First Nations balk at meeting with PM

Shawn Atleo's leadership as national chief of the Assembly of First Nations is on the line today amid demands from First Nations chiefs that he boycott talks with Prime Minister Stephen Harper.

"The Assembly of (First Nations) as a great organization hangs in the balance. More critically, lives are at stake," one northern Ontario chief, Isadore Day, wrote in an emotional letter to Atleo.

"I implore you to stop this meeting with the PM."

Attawapiskat Chief Theresa Spence is calling again on both Harper and Gov.-Gen. David Johnston to come together to meet the chiefs. In a statement this morning, Spence pointed out that she has the "unanimous" backing of the chiefs for a nation-to-nation meeting with both men.

"We can no longer have a paternalistic relationship and be dictated to," she said in a release. She also called a news conference for later this morning.

On Thursday, Harper had agreed to be present for two sections of a four-hour meeting among some cabinet ministers, top officials and about 30 First Nations leaders. He also gave the green light to the Governor General to hold a separate "ceremonial" meeting at Rideau Hall with First Nations representatives after his own meeting wraps up.

Chief after chief rejected those conditions on Thursday, but Atleo and some of his close supporters indicated they were still ready to go to the meeting with Harper. Late Thursday, as support for Atleo evaporated, a huge gathering of chiefs at a downtown hotel erupted into chaos.

Instead, they declared they will only meet Harper on their own turf, on their own terms.

The Manitoba chiefs have issued an invitation for Harper and Johnston to come down to the ballroom at a downtown Ottawa hotel.

"This invitation to meet still stands," they said in a midnight statement.

"To have both the prime minister and the Governor General attend our requested meeting will give a powerful message to us," said Murray Clearsky, grand chief of southern Manitoba.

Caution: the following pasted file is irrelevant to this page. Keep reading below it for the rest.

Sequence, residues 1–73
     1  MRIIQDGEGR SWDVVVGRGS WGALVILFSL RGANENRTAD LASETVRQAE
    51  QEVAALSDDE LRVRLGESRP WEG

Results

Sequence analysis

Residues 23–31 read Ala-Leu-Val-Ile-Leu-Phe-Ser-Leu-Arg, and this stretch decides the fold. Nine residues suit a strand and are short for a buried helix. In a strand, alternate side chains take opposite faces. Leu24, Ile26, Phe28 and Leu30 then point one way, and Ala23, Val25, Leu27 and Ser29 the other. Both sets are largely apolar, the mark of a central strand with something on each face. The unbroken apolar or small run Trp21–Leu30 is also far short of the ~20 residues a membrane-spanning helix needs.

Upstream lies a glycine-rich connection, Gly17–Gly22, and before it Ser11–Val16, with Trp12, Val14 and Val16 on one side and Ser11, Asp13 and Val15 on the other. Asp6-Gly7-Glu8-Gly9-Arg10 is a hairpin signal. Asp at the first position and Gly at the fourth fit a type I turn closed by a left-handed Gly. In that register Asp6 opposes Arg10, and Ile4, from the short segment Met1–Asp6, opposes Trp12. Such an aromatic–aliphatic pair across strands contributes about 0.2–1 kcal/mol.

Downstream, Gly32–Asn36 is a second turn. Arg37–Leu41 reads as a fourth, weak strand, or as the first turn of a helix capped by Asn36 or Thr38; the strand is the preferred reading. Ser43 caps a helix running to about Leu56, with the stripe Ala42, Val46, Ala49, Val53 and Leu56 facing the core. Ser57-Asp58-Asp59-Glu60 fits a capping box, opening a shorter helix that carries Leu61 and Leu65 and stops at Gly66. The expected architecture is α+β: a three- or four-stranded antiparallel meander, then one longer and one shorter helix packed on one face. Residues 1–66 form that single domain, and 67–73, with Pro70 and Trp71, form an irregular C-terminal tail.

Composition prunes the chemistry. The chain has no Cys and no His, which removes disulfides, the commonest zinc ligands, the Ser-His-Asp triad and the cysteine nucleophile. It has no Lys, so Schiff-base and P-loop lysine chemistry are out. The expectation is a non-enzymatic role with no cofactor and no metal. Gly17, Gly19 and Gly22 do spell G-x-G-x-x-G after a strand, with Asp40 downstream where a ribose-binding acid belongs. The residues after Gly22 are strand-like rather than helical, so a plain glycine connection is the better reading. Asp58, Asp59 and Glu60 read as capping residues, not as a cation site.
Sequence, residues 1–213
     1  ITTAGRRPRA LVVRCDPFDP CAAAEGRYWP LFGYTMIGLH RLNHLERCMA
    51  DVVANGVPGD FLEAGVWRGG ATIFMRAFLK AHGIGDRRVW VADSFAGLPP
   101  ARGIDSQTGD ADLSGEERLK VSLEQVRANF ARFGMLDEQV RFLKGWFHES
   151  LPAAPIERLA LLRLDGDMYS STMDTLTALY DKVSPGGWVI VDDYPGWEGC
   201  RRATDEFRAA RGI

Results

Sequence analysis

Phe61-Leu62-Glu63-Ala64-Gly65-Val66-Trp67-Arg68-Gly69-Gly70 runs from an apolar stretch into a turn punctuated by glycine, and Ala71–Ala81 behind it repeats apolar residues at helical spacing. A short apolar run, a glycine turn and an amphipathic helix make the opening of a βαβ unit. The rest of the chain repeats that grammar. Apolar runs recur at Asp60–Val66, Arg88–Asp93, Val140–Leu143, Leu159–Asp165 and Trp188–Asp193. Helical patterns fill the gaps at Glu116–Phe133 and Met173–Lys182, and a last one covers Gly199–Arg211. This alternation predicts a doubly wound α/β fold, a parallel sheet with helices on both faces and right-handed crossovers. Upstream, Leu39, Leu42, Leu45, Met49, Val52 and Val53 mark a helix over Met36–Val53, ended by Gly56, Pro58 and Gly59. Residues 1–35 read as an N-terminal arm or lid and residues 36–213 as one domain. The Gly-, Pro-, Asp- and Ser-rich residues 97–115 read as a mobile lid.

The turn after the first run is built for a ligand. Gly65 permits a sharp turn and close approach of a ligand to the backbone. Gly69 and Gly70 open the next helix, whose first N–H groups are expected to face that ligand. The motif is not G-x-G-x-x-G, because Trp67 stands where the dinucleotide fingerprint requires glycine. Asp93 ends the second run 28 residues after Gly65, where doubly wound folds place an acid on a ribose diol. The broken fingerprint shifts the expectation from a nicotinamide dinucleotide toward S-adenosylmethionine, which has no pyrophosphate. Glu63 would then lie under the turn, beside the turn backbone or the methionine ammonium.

"But to refuse will send the counter message to the Canadian public that they have no honour, nor respect for the rule of law and international agreements, and their corporate agenda which goes against the greater good of their nation, their citizens and the environment."

Atleo has not yet said publicly whether he will attend the meeting with Harper or not. The Assembly of First Nations is expected to clarify this morning.

Even if the meeting with Harper proceeds, Day predicted only a handful of chiefs would attend.

"There will clearly be no mandate to negotiate."

The dispute over procedure comes despite a hard-won agreement among disparate First Nations on a united, concrete list of demands that they wanted to present to Harper.

They want to see a school and clean drinking water on every reserve. They want Ottawa to commit to a national inquiry into the hundreds of missing or murdered aboriginal girls and women. They want a top-level political commitment to modernize and implement treaties so that First Nations share in the wealth of Canada's resources. They want stable funding that grows with population and inflation.

And they want Harper to repeal major parts of his two budget omnibus bills that they say sacrifice environmental protection to resource extraction.

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